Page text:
Lawyers and a reality cheque

One of the most depressing comments I heard recently was by an otherwise highly intelligent and engaging magic circle corporate partner. “Us lawyers are at the bottom of the pile now,” he said, referring to his remuneration.

He earns, dear reader, more than £1m a year.



One of the most depressing comments I heard recently was by an otherwise highly intelligent and engaging magic circle corporate partner. “Us lawyers are at the bottom of the pile now,” he said, referring to his remuneration.

He earns, dear reader, more than £1m a year.

It’s times like these when we ought to launch a campaign targeted at certain senior City lawyers called ‘Go Home And Get Some Perspective’. This might involve a couple of hours waiting in an NHS hospital and a tour of a state secondary school, but other suggestions are welcome.

According to a recent report by the Institute of Fiscal Studies, only 47,000 UK taxpayers earn more than £350,000 compared with the average across all taxpayers of £25,000. The report stated that nine out of 10 of that 47,000 are male, disproportionately likely to live in the South East and likely to have a job in finance, property or law.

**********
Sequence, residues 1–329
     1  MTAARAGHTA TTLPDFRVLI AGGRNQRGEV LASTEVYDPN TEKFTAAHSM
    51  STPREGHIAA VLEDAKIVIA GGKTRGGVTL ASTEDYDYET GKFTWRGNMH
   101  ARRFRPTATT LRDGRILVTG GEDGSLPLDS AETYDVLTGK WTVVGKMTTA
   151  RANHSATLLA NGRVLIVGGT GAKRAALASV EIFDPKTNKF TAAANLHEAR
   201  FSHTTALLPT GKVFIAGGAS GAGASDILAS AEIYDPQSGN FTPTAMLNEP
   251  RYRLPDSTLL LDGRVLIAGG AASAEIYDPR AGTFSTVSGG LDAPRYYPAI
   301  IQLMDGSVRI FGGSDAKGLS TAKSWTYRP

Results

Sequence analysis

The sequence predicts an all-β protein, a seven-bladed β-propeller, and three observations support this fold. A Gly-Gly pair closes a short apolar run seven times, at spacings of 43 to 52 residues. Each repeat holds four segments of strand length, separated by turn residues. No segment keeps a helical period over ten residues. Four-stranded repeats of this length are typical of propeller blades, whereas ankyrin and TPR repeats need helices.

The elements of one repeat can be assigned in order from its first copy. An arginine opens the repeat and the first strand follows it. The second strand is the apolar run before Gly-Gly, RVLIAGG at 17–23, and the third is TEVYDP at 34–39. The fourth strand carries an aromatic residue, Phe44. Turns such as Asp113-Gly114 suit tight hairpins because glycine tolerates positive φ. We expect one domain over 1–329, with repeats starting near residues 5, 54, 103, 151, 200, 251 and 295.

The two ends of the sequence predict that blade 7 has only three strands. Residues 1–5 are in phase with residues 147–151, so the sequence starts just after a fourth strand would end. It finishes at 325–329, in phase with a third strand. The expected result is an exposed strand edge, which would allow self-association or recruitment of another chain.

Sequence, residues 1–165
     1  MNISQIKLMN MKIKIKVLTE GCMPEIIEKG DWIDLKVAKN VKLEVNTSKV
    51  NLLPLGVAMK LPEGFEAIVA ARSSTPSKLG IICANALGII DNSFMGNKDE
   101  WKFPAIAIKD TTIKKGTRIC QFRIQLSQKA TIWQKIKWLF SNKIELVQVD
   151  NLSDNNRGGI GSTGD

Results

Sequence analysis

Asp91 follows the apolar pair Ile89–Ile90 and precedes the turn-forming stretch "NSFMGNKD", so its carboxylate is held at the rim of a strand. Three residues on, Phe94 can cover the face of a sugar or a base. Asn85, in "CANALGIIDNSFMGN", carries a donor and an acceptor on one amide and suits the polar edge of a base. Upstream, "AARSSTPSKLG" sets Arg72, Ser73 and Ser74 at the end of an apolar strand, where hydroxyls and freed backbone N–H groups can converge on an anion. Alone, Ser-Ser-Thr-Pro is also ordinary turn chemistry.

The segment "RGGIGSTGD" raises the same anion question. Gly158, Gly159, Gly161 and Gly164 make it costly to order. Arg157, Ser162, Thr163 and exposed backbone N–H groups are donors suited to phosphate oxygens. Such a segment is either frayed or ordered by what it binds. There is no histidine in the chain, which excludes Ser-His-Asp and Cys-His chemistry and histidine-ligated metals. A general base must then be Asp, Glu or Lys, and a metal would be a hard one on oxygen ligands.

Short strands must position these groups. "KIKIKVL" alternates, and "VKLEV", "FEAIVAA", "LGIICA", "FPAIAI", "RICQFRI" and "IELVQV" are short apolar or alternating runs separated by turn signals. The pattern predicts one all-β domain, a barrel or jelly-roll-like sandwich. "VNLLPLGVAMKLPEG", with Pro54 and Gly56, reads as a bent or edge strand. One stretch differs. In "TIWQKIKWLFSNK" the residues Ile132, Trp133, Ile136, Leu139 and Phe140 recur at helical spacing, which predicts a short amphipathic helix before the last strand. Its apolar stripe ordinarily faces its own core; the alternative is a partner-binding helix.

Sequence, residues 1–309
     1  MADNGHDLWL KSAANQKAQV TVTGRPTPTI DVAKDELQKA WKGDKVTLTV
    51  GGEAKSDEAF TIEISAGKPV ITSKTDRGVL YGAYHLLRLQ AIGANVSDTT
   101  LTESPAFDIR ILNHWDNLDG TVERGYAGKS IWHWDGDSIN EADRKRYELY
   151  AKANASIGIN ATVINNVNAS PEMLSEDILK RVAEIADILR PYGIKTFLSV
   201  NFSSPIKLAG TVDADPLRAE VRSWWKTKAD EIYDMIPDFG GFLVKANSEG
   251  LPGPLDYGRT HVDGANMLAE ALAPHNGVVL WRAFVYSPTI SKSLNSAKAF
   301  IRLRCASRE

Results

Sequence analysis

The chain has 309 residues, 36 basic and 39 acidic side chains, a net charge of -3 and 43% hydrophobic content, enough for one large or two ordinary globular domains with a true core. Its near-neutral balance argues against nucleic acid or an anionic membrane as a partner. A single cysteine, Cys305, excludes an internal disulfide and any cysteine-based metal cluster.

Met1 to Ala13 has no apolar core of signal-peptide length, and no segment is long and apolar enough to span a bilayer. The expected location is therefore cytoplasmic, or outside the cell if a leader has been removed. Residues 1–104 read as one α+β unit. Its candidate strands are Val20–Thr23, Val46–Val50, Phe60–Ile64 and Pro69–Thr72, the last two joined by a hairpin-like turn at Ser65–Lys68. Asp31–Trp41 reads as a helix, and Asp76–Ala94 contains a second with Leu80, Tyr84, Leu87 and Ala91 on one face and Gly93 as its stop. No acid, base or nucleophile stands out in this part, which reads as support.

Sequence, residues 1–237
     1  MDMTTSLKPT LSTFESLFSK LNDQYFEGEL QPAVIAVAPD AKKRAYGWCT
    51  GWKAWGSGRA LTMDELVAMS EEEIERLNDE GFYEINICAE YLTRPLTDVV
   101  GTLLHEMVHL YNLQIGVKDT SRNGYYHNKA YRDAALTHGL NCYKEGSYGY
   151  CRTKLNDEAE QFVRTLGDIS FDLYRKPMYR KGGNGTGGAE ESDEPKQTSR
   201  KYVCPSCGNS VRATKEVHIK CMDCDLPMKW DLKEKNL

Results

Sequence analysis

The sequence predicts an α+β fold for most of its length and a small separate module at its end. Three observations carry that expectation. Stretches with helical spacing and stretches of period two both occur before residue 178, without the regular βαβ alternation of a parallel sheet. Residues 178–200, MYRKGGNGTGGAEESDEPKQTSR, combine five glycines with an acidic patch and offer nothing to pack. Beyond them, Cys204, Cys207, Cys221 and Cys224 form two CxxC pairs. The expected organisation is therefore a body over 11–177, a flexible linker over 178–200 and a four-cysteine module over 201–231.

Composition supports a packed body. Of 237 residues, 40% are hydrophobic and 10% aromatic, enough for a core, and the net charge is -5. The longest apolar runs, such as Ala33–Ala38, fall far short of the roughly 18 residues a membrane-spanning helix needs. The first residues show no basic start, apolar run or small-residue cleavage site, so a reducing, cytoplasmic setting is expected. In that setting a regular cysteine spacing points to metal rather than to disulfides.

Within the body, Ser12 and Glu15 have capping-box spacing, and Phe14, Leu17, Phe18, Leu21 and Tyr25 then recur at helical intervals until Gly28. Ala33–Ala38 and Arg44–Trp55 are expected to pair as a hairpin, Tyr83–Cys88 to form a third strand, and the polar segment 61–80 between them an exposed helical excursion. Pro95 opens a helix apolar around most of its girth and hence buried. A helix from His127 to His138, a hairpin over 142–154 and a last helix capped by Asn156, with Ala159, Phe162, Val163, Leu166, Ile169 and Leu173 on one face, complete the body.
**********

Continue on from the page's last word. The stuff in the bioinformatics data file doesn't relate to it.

This politics of envy we constantly hear about seems to to afflict lawyers at the richer end of the profession the worst. Too many worry constantly that their banker mates are earning more, have bigger houses than them and sleeker cars.

If and when City institutions start laying people off this year it will coincide with the top law firms announcing spectacular profits (for yes, every magic circle firm is on course to break last year’s profit per equity partner records). So sit back and wait for certain sections of the national media to give them a kicking, and with hobnailed boots.

Luckily, there’s a trend developing that may mitigate any tabloid onslaught: the corporate social responsibility (CSR) initiatives. For example, Freshfields has just launched its second CSR report (see page 6), in which it lays itself open to scrutiny on ethical grounds. Plenty of firms have community programmes that are exceptionally well executed. They deserve recognition. At The Lawyer we’ll be turning our attention to some of these schemes in the coming months.

As for that corporate lawyer bemoaning his remuneration? He should stop hanging out with investment bankers and go to the pub with some teachers. He’ll feel like Bill Gates.